Conference participant Jennifer Hawrylo felt the conference was valuable. She really enjoyed the panel discussion and hearing the personal stories of how successful women got to where they are today. In the small group session, her mentor was Sylvia Esterby, Head of the Mathematics department. Jennifer says, it was “an amazing opportunity for me, especially as a Math major, to get to speak in a relaxed setting with a role model that I might have been too shy to approach on my own.”

Next year, Rebecca hopes to find even more mentors for the small group sessions, including representatives of the community and industry. She also wants to provide an opportunity for more informal discussions in a social setting where students can approach a mentor regardless of the field that interests them.

Another UBCO Jade Project event on the horizon is a half-day "Women and Ambition" workshop facilitated by Lil Blume, who spoke last year at Jade Project workshops at UBC Vancouver. Through that workshop, she wants to reach those women “who are just plain frightened at the idea of trying to survive a career in the sciences”.

One of the things she hopes the young women take away from the January conference, and the other Jade Project initiatives, is an understanding that pursuing a career in the sciences is harmonious with raising a family, etc. For Rebecca, loving math and having a successful personal life are not at odds. Her website boasts a section called, “Math in My Life” in which she relates amusing stories (and of course diagrams) that describe how she has used math to solve real life problems (if you’re interested in reading some of her real life stories, visit http://people.ok.ubc.ca/rtyson/Teaching/index.html). She has successful amalgamated a career with marriage, her children, and her hobbies (such as sail boating). When she talks about her career in math she talks enthusiastically about the flexibility that it affords her. “I don't need to run into a lab at midnight to take care of some bacteria or other animals, and my computer programs can work away while I'm sleeping or doing other things. I can work from home very easily, and juggle my schedule around my children's schedule.”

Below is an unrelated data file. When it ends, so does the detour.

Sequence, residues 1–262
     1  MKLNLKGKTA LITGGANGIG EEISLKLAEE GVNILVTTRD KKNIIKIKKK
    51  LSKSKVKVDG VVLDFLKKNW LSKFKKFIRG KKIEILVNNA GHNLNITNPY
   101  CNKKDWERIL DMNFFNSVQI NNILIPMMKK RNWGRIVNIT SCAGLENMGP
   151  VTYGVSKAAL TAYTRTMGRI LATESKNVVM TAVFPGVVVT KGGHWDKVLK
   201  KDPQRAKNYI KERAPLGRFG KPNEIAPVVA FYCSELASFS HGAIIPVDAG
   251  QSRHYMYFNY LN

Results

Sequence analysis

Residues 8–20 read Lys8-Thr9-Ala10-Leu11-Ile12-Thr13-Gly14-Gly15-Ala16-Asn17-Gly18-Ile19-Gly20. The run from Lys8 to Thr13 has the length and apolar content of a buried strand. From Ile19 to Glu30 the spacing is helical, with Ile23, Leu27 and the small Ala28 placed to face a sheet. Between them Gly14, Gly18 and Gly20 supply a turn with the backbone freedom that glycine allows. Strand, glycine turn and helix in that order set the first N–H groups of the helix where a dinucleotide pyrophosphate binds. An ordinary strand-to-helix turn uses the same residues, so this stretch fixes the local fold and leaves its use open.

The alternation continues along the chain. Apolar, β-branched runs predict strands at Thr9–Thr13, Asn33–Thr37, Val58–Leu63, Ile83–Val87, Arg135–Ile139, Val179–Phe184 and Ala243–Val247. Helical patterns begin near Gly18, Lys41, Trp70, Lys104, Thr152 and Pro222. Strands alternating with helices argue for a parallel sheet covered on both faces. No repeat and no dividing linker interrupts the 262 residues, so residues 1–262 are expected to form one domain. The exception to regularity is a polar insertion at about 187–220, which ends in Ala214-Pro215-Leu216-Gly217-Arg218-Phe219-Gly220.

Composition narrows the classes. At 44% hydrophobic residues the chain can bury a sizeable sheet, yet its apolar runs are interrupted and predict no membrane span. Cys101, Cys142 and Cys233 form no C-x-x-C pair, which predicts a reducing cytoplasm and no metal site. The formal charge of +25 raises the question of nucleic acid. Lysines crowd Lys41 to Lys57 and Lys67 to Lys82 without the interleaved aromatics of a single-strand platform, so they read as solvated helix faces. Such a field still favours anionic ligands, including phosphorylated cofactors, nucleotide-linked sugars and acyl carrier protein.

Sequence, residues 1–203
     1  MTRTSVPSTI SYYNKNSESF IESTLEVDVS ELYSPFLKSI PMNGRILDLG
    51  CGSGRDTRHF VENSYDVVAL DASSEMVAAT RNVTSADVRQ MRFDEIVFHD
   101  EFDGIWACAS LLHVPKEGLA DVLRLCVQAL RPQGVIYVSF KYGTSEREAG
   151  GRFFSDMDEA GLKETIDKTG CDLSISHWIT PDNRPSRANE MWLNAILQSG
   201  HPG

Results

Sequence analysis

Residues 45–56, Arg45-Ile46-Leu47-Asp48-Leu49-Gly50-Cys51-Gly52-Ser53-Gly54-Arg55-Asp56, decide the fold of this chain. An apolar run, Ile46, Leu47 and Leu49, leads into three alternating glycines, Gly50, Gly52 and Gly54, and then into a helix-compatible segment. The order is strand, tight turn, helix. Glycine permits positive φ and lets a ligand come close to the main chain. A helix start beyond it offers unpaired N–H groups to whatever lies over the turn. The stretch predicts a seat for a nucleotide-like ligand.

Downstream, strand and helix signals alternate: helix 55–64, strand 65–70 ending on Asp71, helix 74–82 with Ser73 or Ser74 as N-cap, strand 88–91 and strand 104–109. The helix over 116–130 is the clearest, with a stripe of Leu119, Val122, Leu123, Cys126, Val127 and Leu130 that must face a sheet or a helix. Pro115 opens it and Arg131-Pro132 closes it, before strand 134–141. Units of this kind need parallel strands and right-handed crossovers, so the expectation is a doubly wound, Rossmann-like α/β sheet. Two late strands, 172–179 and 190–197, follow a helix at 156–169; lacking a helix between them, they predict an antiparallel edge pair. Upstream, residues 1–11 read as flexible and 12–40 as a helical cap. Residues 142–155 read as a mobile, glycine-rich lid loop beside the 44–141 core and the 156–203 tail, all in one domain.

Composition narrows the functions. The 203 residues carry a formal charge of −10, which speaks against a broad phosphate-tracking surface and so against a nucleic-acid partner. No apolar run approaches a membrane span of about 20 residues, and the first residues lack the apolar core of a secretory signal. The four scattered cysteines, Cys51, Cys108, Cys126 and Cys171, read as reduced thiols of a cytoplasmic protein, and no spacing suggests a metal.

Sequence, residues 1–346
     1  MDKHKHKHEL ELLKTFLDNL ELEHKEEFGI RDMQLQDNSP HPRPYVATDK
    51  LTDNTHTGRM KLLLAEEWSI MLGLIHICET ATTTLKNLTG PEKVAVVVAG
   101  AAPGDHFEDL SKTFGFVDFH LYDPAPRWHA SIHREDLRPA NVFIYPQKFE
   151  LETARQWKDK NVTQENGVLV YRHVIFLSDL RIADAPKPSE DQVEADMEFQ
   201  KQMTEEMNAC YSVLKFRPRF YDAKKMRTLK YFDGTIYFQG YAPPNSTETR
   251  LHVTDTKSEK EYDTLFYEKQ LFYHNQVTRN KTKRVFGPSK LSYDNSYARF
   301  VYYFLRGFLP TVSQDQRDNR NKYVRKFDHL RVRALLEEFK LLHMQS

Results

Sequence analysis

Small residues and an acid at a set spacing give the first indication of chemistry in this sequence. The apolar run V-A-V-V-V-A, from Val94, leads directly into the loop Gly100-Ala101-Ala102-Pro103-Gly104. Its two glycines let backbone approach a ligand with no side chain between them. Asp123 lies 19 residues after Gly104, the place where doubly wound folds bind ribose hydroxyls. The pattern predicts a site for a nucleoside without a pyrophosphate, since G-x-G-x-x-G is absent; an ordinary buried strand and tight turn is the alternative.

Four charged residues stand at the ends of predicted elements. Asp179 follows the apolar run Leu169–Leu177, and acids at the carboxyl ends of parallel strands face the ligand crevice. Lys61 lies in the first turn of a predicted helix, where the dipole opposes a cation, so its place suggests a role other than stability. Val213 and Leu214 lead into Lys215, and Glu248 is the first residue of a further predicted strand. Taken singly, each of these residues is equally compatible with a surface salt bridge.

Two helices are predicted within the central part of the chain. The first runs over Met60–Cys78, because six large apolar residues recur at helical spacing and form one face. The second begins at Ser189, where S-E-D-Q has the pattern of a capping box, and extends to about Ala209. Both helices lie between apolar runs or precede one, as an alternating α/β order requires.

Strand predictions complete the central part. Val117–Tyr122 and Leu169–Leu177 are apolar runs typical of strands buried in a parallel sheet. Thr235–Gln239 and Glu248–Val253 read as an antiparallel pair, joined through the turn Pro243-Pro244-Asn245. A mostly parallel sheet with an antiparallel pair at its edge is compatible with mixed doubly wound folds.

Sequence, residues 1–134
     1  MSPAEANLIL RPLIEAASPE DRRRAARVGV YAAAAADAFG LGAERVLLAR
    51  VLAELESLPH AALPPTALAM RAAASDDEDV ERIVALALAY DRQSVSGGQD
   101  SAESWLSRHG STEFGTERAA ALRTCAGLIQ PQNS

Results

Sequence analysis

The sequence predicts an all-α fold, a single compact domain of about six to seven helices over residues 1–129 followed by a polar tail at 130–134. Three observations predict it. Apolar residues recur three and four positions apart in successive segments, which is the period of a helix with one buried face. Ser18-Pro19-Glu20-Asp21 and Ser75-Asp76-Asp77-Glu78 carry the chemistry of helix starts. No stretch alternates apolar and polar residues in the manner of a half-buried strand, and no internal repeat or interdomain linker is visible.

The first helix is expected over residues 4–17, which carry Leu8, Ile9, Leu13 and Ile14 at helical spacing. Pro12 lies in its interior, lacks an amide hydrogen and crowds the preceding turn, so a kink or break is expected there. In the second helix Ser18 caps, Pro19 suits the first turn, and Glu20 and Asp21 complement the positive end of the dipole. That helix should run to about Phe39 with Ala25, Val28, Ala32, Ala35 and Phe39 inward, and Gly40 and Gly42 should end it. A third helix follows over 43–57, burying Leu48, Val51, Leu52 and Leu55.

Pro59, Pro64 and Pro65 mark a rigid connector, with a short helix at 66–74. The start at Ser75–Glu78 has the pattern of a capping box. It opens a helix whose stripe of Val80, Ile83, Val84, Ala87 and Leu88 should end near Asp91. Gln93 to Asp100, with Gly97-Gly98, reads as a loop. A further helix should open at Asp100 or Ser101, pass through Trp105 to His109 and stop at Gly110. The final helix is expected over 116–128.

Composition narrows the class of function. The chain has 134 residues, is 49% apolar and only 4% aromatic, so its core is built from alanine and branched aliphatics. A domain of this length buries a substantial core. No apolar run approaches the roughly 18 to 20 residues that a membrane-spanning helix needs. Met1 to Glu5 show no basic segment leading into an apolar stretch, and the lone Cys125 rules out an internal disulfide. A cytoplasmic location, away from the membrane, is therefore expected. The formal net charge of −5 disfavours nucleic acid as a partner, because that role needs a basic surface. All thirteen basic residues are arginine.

“So what was it like working at UBC Okanagan”, I asked, curious about our new sister campus. The fact that Kelowna is not a big city, she says, means that her home was not expensive! She has mixed feelings about being the “only fish in the pond”, as she puts it. Because UBCO is a smaller institution, she is the only one at the university working in her particular field of research. “The hard part is if you get stuck”, she chuckles, alluding to the fact that physically, there’s nobody right around the corner. Sometimes that makes it harder for her because she doesn’t have a lot of colleagues to consult with and bounce ideas off. But the pros include getting her pick of the projects! She notes, too, that she is part of a wider community of scientists, including colleagues with various specializations at UBCO, Thompson Rivers University, and the Pacific Agri-Food Research Centre in Summerland, BC.

As the interview began to wind down, I still had a few questions I wanted to ask. Just how should one go about pursuing a career like hers, I wondered. “Don’t slam any doors,” she said. When deciding where to study and what kind of undergraduate and graduate work to look into, it’s important to pick a location, and a supervisor, which will give you the right amount of nurturing. Some people flourish within competitive research groups, which tend to be found at bigger universities. Others excel in a smaller place, like UBC Okanagan, where they are more likely to be nurtured in a much more personal way.

Once you’ve chosen the right supervisor and environment for you, she describes enthusiasm as another important ingredient. “The quality of a project and your dedication to it can be more important than the reputation of your university.” For example, the Natural Sciences and Engineering Research Council of Canada (NSERC) provides grants to both students and professors and is an important source of funding for research in Canada. In Tyson’s experience, NSERC awards go to all types of institutions, not just the most prestigious ones.

Rebecca Tyson: Using Mathematical Biology to Solve Real World Problems